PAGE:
Thursday, 6 September 2012

The Robe (dir. Henry Koster, 1953)



Before Richard Burton was Mark Antony or Alexander the Great, he was Marcellus Gallio, who crucifies an troublesome Jewish public speaker only to be guilted into dying for the aforementioned person by his holier-than-thou slave. Gallio's slave, that is, not Jesus'. Except metaphorically.

Slavery is, obviously, a pretty big theme in this film. It resists the urge openly to declare that Christianity brought about the downfall of slavery (which it didn't, at least not until the 19th century) but it does insist in the prologue that there were more slaves than free men in Rome, which is daft (the usual estimate is around 35% of the population I think).

The prologue also introduces some of the ancient gods with, unsurprisingly, a rather disapproving tone. The gods selected are Love (represented by a statue of two people kissing), War (Ares/Mars, the statue looks Greek to me), Drunkenness (Dionysus/Bacchus) and 'huntresses' (Diana). The inclusion of 'huntresses' doesn't say much for the filmmaker's opinion of strong women, but on the other hand, the lead female character is called 'Diana' and the lead couple spend half their time on screen together kissing each other, so all in all it's sending out a bit of a mixed message there.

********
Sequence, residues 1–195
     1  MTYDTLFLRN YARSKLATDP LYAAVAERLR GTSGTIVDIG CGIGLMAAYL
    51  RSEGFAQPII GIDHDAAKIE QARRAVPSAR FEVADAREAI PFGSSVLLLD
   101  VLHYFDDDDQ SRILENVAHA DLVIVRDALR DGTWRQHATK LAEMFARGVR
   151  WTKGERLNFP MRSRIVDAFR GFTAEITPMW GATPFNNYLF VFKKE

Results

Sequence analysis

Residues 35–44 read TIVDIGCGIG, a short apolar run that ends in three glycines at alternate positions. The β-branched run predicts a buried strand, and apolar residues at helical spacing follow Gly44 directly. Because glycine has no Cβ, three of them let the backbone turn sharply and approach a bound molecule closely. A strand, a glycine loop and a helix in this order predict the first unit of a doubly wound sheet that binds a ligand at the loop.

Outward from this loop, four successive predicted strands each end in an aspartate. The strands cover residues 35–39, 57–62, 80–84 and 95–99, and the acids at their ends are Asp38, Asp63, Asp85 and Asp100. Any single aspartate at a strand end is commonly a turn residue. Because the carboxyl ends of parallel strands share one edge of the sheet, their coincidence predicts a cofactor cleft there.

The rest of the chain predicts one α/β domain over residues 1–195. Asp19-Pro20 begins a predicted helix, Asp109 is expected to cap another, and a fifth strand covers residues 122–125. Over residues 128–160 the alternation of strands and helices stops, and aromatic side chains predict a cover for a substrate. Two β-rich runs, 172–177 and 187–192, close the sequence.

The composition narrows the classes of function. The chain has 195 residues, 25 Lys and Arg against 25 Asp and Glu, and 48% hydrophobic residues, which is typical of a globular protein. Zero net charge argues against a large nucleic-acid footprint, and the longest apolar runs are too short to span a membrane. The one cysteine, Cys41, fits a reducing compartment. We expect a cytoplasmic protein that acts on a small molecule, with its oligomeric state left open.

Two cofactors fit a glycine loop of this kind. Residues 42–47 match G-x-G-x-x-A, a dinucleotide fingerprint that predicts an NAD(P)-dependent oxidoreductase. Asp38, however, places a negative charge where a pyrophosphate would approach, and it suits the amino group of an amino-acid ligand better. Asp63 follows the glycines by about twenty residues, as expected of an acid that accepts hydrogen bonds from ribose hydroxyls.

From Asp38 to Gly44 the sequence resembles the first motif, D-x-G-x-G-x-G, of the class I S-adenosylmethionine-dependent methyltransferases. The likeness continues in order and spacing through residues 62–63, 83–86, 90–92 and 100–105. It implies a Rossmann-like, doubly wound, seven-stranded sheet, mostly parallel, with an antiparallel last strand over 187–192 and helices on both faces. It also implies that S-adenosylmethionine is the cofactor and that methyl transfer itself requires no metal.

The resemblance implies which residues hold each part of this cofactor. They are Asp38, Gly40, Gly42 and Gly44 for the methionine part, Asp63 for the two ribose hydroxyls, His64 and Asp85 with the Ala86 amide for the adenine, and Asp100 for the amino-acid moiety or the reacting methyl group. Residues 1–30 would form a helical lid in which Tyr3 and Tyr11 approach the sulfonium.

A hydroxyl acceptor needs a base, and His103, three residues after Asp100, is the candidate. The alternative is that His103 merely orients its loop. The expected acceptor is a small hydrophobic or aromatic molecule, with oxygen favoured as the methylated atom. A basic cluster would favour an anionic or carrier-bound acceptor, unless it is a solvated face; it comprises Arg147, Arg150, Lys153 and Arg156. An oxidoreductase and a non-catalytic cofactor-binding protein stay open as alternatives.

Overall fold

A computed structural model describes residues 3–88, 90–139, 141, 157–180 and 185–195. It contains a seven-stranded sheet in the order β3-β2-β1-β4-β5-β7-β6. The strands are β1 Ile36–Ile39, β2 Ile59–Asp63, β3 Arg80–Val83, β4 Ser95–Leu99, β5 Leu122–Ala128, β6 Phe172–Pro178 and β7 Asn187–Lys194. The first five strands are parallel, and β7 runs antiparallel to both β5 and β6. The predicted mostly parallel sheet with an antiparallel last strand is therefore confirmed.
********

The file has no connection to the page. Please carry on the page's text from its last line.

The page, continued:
The opening of the film in a slave market has a rather nice, fairly realistic feel to it. A slave market is always a good place to open a story set in ancient Rome, because it highlights the similarities (salespeople sound the same everywhere) and the differences between our own world/1950s America and ancient Rome. Unfortunately, this tone is not maintained all the way through, and when the story gets to the crucifixion, the down to earth tone is completely lost. The crucifixion scene is filmed in a way that is reverent to the point of ridiculous, and it's rather jarring compared to the approachable feel of the rest of the film.

This determination to make the scenes relating directly to Jesus look somehow - churchy? spiritual? portentous? - carries through into the dialogue. This is, sad to say, completely terrible throughout, with special awfulness points going to Marcellus' anguished cry of 'I'm mad!', but whenever anyone needs to speak about Jesus or pray, they suddenly slip into the language of the King James Bible, which sounds utterly ridiculous.